One huge problem with this credo (which i've followed for over a decade myself) is that now in the world of the AxeFx, the sheer volume of parameters in so many different areas of control mean your ears may be trusted, but unless you set something a certain way, your ears may never even get the chance to HEAR something. Since 1000 settings all change how those 1000 settings sound, its good to have some non-ear using facts to help find the tones to compare.
I entirely and wholeheartedly agree. Tis the double edged sword of the Axe-FX; its greatest strength is its deepest weakness. The key to getting there is education your ears and then trusting them. That's why I try to emphasize more 'method' rather than sharing presets or cutting clips. To me, it's an individual journey and we are all very different individuals. I despise gear that takes that away. The Fractal gear allows each person to mold their own custom/crafted tone.
 

barhrecords

Axe-Master
Thanks for your input Cliff!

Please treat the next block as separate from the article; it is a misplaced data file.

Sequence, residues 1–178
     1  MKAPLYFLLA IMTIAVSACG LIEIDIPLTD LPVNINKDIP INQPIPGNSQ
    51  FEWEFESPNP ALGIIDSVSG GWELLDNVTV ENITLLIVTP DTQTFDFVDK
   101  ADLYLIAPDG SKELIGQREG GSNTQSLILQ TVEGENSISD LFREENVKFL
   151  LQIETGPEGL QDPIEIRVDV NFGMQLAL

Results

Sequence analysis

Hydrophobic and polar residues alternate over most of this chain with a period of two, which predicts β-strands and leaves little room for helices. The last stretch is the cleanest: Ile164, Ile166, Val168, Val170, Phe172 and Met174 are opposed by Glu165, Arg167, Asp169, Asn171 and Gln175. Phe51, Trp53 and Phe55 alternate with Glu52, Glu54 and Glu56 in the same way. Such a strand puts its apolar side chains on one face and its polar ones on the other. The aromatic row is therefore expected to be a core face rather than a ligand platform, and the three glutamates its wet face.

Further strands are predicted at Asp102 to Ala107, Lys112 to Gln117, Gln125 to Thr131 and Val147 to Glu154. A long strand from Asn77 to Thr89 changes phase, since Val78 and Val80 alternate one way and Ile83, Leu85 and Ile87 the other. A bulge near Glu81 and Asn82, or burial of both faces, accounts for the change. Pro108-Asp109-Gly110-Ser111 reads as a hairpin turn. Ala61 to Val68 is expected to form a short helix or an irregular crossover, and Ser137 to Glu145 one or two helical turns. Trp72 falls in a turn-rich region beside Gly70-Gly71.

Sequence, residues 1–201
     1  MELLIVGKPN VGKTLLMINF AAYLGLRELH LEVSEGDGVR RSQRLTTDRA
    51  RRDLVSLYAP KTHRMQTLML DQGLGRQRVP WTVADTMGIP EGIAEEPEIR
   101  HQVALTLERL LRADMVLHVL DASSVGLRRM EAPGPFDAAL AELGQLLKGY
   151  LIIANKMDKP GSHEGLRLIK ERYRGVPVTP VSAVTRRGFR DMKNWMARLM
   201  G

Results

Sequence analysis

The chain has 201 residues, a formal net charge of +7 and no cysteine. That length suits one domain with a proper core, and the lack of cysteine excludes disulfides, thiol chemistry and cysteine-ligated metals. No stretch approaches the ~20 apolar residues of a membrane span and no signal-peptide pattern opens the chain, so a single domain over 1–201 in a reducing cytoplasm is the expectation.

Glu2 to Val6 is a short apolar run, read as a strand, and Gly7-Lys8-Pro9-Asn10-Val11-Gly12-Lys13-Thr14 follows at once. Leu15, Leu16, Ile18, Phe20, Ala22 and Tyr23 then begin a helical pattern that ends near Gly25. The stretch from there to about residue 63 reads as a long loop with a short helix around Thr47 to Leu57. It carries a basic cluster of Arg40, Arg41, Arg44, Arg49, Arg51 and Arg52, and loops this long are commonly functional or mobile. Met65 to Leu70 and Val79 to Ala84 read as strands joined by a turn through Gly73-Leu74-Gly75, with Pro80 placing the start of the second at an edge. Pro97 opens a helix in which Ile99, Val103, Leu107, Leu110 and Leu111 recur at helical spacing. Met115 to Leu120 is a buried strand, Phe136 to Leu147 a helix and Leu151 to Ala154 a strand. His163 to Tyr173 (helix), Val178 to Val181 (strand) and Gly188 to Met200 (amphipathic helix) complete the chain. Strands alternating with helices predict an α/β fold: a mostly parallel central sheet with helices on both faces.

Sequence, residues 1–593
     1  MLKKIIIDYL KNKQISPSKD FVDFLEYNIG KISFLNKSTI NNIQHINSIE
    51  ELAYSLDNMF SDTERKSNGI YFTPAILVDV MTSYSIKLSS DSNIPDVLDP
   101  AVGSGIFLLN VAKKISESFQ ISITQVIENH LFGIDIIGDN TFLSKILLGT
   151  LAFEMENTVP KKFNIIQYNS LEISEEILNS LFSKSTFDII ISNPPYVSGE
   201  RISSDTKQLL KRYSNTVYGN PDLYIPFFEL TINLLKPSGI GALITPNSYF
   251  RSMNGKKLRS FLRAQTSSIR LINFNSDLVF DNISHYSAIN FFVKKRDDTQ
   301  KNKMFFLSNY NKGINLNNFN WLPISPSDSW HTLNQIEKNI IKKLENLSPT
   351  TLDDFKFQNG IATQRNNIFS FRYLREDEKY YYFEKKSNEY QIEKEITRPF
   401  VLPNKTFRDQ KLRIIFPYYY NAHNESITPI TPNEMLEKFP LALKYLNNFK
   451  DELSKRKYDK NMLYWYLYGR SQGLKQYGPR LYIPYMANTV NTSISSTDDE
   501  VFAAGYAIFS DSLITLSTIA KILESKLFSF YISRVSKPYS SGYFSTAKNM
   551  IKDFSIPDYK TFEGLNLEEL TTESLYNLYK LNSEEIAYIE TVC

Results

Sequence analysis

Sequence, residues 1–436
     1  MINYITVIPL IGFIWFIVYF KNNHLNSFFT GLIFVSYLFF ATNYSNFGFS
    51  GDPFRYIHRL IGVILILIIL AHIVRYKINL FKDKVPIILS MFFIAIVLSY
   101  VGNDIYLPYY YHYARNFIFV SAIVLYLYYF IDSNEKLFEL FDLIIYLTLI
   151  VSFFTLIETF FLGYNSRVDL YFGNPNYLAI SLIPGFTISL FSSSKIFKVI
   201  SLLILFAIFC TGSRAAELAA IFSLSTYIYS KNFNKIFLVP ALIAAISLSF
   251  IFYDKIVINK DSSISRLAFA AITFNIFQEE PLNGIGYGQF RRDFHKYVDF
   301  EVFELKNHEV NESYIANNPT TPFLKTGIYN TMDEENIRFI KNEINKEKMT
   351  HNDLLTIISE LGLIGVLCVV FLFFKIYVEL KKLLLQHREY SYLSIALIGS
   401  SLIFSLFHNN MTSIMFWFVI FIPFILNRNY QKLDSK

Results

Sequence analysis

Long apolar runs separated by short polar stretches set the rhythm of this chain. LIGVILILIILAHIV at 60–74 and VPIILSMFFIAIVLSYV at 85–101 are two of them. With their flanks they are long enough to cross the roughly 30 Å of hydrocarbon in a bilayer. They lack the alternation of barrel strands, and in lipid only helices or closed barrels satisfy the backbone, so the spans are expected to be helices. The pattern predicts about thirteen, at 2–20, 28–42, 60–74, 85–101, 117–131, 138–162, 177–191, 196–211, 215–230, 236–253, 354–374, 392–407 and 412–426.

It's not that simple IMO. Ears constantly learn and evolve. Ears even change their mind sometimes. At least mine do. Even after all these years and so much different gear.

I love the straightforward honesty of the 'trust your ears' approach but I fully admit this; I often appreciate some scientific reassurance to help confirm what my ears think is going on. Especially in the post-analog world we're all making music in.

Much respect and thanks!
I get where you are coming from. I like to know some of the why so that I can learn to fish as they say :)

My response was more about, the "I don't know what to do now" comment. Should I change the parameters or not? In that context, try it and see if it sounds good to you.

Richard
 

barhrecords

Axe-Master
The reason it cannot work this way - third party and UserIR's. Impossible to expect normal guitarists to make accurate measurements and it assumes that all third parties subscribe to a standard; which isn't logistically possible.
Exactly why I would make it an option and not a requirement :)

Richard
 

FractalAudio

Administrator
Fractal Audio Systems
Moderator
I have a question about all this:
(disclaimer: I know as much about amp building and topology as I know about non-eucledian geometry)